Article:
COLUMN-Czech oil crunch a warning to inland Europe refiners: Campbell
By Robert Campbell
NEW YORK Oct 25 (Reuters) - Russia's decade of investment in new oil export capacity is turning the table on inland European refineries. Where once they were privileged customers at the end of a dedicated export pipeline they are now fighting at a disadvantage for crude.
The situation in the Czech Republic is an excellent example. Local oil refiner Ceska Rafinerska has been forced to shut down its Kralupy plant due to a lack of crude oil.
The Kralupy refinery used to get the bulk of its oil from the Druzhba (Friendship) pipeline, a Cold War-era system that connects inland European refineries with Russian oil fields.
But the growth in Russian oil export capacity, such as the new Ust-Luga port in the Baltic, as well as increased Russian domestic oil refinery runs, are limiting the amount of crude oil Russian producers send down Druzhba.
(For a related column, see: )
Or in other words, when prices offered at sea terminals are more attractive than those on the pipeline, Russian producers will opt to send more oil to the terminals.
Of course, the relative attractiveness of various sales points has plenty to do with the cost of moving crude oil from Russian fields to its destination, and this is something that can be manipulated by Russian pipeline operators.
And that means the brutal economics of arbitrage now work against inland refiners. To secure Russian crude they must now pay a high enough price to be at least as attractive a destination as sea-borne exports.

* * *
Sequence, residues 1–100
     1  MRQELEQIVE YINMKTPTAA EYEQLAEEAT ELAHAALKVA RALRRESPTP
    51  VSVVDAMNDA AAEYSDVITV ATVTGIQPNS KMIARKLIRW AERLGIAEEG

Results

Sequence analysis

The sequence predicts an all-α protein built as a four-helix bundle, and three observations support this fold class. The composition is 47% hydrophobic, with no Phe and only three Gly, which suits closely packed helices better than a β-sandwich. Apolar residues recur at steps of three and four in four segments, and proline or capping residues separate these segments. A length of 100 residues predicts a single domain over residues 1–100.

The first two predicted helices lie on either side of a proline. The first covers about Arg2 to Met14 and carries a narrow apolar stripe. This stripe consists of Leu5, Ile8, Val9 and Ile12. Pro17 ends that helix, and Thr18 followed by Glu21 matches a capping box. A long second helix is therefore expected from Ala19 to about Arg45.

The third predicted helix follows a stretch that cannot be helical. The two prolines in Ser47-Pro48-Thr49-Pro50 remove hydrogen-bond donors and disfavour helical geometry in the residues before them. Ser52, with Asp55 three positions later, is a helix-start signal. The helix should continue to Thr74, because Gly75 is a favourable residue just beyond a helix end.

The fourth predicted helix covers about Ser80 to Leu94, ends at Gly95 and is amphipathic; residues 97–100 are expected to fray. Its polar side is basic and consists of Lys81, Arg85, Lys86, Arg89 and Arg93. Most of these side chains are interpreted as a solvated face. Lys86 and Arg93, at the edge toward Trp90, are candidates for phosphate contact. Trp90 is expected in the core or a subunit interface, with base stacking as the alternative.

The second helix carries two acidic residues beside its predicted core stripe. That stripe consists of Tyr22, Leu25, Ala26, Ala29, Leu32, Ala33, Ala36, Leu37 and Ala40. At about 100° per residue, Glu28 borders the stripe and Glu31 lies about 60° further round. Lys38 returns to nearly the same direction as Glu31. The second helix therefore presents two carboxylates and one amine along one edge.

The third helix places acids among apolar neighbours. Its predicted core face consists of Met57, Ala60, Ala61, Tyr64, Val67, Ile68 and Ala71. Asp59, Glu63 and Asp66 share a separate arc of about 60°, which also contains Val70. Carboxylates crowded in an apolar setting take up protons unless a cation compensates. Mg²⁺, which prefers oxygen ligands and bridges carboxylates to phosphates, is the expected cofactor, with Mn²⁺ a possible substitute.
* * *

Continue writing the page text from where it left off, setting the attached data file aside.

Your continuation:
Unfavorable pipeline tariffs mean they must pay even more. Making matters worse, particularly for the most isolated refineries such as those in the Czech Republic, is a legacy of underinvestment in alternative pipeline routes.
Kralupy was forced to shut down because it had simply exhausted its allocation of pipeline capacity on the TAL line that runs from the Adriatic Sea across the Alps, the only other pipeline that is connected to the plant.
Not surprisingly, this situation has come as a stark reminder of the energy security problems facing much of Central Europe. A failure to diversify away from Russian supplies has left inland refineries vulnerable to resurgent Russian crude oil pricing power.
Here, some observers detect a Russian plan to take greater control of Europe's downstream oil refining sector. Russian firms are deliberately squeezing inland European refineries to force them to sell out, they say.
Already Rosneft, a major Russian producer, has indicated that it is looking into boosting shipments on Druzhba to refineries it part owns in Germany that have been affected by the bottlenecks on the TAL line.
Yet even if all the inland oil refineries in Europe were owned by Russian oil producers, it is far from clear that this situation would be resolved.
The fact is that Europe still has far too much refining capacity, which is part of the reason why inland refiners cannot afford to invest in new sources of supply.
What is really occurring here is a transition of the overhaul of the European refining sector. While Russian export options were limited, inland refineries had a profit cushion due to relatively cheap crude prices, similar to the situation now enjoyed by inland North American refineries.
Cheap crude, and local politics, shielded many inland refineries from the market forces that forced other plants, more exposed to world prices, to shut down.
Now with the proliferation of Russian export outlets, these refineries have lost their advantage in crude oil pricing.
Combine that with a lack of alternatives to Russian oil supplies and it is clear that inland European plants, particularly those not aligned with an upstream oil producer, are increasingly vulnerable.
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